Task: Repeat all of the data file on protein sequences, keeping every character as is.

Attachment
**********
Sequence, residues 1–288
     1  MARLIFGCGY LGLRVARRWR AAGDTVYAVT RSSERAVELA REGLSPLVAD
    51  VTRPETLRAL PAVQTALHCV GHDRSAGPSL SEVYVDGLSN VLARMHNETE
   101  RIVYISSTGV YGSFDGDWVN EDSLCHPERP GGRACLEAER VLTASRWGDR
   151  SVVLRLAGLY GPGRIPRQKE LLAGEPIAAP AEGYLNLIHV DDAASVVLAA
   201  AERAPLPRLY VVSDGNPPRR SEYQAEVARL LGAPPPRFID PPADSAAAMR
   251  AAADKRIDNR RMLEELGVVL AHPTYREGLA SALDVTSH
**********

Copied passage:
Sequence, residues 1–288
     1  MARLIFGCGY LGLRVARRWR AAGDTVYAVT RSSERAVELA REGLSPLVAD
    51  VTRPETLRAL PAVQTALHCV GHDRSAGPSL SEVYVDGLSN VLARMHNETE
   101  RIVYISSTGV YGSFDGDWVN EDSLCHPERP GGRACLEAER VLTASRWGDR
   151  SVVLRLAGLY GPGRIPRQKE LLAGEPIAAP AEGYLNLIHV DDAASVVLAA
   201  AERAPLPRLY VVSDGNPPRR SEYQAEVARL LGAPPPRFID PPADSAAAMR
   251  AAADKRIDNR RMLEELGVVL AHPTYREGLA SALDVTSH